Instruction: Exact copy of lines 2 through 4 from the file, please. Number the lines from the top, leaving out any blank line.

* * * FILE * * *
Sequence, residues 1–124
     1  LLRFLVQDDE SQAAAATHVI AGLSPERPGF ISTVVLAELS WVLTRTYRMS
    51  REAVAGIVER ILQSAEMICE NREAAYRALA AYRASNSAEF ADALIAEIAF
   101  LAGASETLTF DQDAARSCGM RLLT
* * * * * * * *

     1  LLRFLVQDDE SQAAAATHVI AGLSPERPGF ISTVVLAELS WVLTRTYRMS
    51  REAVAGIVER ILQSAEMICE NREAAYRALA AYRASNSAEF ADALIAEIAF
   101  LAGASETLTF DQDAARSCGM RLLT